How to allow the user to select which library of functions a struct will use internally?

I've made a small example in the Playground of my situation: Rust Playground

Defining a trait called Engine with methods set_msg and set_num doesn't help either, because one runs into various Size related issues (there area a bunch of other things that don't work in the following example; I've not bothered to get it working for now)?

How do I go about implementing this pattern of having a Framework, and then at compile time (through a macro) have it use specific Engines from which it takes some functions whose names are standardized across Engines?

You might be able to use Feature Flags and conditional compilation for this.

Hi Michael,

Yes, that's probably what I'll have to do in the end, but I'm wondering if I can avoid that by making it more "programmatic"? That is, the user can set the library within their code, rather than within Cargo.toml?


Why not just make the Engine implementations public and let the user construct a Framework with their particular engine (e.g. Framework::new_with_engine(EngineA::default()))? That's the easiest way for a user to choose which implementation they use.

If you don't want end users to be able to construct an engine, one way to encapsulate this is to have various constructors functions which create a Framework with the desired engine.

pub fn new_framework_a() -> Framework<EngineA> { ... }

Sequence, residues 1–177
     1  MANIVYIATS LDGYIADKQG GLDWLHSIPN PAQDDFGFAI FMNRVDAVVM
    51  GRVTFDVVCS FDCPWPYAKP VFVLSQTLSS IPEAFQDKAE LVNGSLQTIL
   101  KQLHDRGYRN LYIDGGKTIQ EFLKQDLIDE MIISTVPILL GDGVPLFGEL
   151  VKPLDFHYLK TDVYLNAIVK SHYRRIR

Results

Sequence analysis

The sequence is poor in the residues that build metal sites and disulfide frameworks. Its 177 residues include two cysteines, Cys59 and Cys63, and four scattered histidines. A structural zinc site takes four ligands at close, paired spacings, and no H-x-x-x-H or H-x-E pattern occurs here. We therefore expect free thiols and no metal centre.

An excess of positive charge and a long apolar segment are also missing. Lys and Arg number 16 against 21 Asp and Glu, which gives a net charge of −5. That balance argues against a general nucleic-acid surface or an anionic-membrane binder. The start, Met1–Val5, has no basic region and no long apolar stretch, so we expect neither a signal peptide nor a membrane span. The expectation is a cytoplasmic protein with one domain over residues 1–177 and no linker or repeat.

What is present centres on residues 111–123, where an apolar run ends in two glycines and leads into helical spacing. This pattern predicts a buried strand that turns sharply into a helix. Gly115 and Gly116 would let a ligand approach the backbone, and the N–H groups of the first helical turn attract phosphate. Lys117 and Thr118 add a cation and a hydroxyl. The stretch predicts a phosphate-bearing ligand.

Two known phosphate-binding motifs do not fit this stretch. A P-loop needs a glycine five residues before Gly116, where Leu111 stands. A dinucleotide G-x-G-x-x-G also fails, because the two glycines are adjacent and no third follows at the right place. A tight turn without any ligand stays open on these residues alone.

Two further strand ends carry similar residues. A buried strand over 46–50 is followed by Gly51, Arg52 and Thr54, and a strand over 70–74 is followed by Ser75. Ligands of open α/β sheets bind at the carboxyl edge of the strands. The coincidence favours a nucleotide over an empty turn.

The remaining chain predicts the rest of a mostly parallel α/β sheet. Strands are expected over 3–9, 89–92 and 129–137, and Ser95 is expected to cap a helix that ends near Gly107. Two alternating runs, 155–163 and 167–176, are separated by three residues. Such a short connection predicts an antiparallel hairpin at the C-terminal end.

pub fn new_framework_b() -> Framework<EngineB> { ... }

You can't really make your Framework generic over some engine type, E, and keep the concrete engine type private though, because you'll still be exposing it in the constructor function's return type.

It’s not that hard to get it to work

Hi steffahn: wow! Why is providing a marker: PhantomData<fn() -> E enough to make things work? (you can give me the name of the relevant concept and I can read up on it)


I suppose I initially know about this from

PhantomData - The Rustonomicon

The usage of PhantomData<fn() -> E> instead of PhantomData<E> is to communicate to the compiler that the Framework<E> does not actually or even logically actually contain a value of type E, otherwise you’ll get auto-traits bound on E, e.g. you’ll get an impl<E> Send for Framework<E> where E: Send with this unnecessary extra where bound E: Send if you don’t use e.g. fn() -> … to avoid it.


Thank you :smile:

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